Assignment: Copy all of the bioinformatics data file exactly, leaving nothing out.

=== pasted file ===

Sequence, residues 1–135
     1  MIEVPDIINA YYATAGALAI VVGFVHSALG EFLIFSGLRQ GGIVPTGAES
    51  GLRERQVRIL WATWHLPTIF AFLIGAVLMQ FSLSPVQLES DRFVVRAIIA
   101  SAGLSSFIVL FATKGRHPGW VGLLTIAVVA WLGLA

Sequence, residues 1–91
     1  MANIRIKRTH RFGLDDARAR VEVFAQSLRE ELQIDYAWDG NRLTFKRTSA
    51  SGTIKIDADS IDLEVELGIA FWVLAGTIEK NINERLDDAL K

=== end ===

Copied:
Sequence, residues 1–135
     1  MIEVPDIINA YYATAGALAI VVGFVHSALG EFLIFSGLRQ GGIVPTGAES
    51  GLRERQVRIL WATWHLPTIF AFLIGAVLMQ FSLSPVQLES DRFVVRAIIA
   101  SAGLSSFIVL FATKGRHPGW VGLLTIAVVA WLGLA

Sequence, residues 1–91
     1  MANIRIKRTH RFGLDDARAR VEVFAQSLRE ELQIDYAWDG NRLTFKRTSA
    51  SGTIKIDADS IDLEVELGIA FWVLAGTIEK NINERLDDAL K